There's no question that Blizzard's cornered the MMORPG market with World of Warcraft. The release of Cataclysm has all but sealed the deal, with none of its competitors coming even close to challenging the behemoth. Back in '08, there was a slight flicker of hope that EA Mythic's Warhammer: Age of Reckoning would come to rival WOW. If not with its great setting–of which Warcraft is most undoubtedly inspired by–then certainly for its PVP-focused gameplay.
History will show that WAR, like LOTRO and the countless other MMORPGs ended up being nothing more than small blips on a radar dominated by WOW's overwhelmingly large signature.
The World of Warcraft can't go on forever. Although the game remains stronger than ever, Blizzard has plans for the future and that future involves the creation of a brand new game, one not of any existing franchise–or so they've said. The game they're making may well be a World of Warcraft 2, or even a World of Starcraft, but we can only speculate on the theme at this point in time.
With that said, we can talk about what we'd like to see in the next installment of Warcraft or whatever their next MMO might be.
#9 Better Graphics
It's time to put World of Warcraft's ancient graphics to rest and embrace something better. Keep the art style if you must, but a step towards making WOW resemble its cinematics would be a huge incentive for most players to pick up the new title. Just think about how cool your mount would look with high resolution textures. If Morrowind can get a new lease of life with the fan-made "Morrowind 2011" upgrade, there's no telling how good a huge graphical update to World of Warcraft could look.
#8 Better Animations
Let's be clear on this: World of Warcraft's animations are really well done. The problem with them is that there's far too few attack animations, and on top of that, the movements play out independently, disconnected from the rest of the environment and characters. Blizzard could take a cue from Grand Theft Auto IV (or even the upcoming Diablo III) by implementing a physics engine into their next MMORPG. Admit it, you think it'd be cool if you could decapitate enemies with a sword. While you're at it, throw in some facial expressions for the characters.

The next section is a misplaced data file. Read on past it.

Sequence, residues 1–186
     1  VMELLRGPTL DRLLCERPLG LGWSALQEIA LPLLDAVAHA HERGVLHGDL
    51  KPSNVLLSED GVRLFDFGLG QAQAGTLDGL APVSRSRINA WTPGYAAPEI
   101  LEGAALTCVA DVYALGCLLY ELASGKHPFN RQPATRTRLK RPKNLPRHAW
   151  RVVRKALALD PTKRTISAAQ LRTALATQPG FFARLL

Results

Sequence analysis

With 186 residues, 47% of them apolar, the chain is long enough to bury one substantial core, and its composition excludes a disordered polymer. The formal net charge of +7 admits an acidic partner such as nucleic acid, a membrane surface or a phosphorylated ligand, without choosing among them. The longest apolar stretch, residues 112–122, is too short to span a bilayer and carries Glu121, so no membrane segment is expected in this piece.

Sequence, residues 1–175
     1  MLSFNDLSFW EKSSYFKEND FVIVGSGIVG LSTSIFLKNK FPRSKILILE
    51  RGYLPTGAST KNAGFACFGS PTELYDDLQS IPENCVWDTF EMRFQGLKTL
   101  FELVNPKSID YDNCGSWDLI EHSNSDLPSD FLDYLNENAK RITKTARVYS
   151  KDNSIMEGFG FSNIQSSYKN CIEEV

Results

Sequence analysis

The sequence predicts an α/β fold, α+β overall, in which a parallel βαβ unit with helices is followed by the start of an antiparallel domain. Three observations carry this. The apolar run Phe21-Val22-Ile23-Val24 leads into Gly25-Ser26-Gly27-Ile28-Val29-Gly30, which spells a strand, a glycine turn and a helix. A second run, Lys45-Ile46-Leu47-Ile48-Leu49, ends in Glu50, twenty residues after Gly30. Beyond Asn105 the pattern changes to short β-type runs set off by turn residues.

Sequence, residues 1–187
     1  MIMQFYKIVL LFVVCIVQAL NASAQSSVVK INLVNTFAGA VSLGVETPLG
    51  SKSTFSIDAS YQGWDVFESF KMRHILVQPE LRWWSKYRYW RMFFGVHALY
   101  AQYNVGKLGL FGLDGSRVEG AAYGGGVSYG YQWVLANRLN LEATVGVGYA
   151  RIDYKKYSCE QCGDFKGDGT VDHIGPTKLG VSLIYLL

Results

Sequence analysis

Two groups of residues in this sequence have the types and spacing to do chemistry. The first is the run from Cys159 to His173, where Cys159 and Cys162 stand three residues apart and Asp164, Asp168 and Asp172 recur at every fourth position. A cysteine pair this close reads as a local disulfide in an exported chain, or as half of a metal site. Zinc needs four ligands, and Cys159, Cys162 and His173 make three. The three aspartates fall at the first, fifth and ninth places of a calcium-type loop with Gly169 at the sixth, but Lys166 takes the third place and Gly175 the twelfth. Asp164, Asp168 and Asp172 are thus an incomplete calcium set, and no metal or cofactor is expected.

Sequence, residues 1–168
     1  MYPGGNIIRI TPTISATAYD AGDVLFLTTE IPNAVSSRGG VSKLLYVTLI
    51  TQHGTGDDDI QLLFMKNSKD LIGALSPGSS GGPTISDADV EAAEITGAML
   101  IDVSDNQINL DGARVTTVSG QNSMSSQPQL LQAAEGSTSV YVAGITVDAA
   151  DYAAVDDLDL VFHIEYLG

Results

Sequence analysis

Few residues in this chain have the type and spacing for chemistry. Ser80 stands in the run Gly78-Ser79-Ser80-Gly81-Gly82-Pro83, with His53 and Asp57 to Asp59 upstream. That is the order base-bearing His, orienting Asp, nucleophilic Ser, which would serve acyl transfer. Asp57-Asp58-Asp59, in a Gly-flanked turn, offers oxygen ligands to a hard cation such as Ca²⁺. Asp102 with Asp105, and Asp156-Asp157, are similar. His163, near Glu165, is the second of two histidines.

#7 Cut Down Travel Time
The flight from Darkshore to Gadgetzan may be pleasant to watch–mesmerizing, even. But once you seen it for the first time, there's little desire to spend fifteen whole minutes watching the scene every time you make the trip. There's a reason why players prefer teleports. But beyond the ability to teleport, which simply exists as a workaround to a much bigger problem. Simply put, they're a waste of time.
#6 Less Grind
Cataclysm was a step in the right direction when it made gaining experience a much less tedious process by increasing the experience rewards for quests. Even so, the whole system is a throwback to the MMOs released ten years ago. It's a new decade, and that calls for a new system to be put in place–one that doesn't require players to grind pointlessly for days just to get to the next area. An MMORPG should emphasize role-playing and socializing, not grinding. Grinding is not fun. It's not even in the description.
#5 Fewer Servers, Larger Communities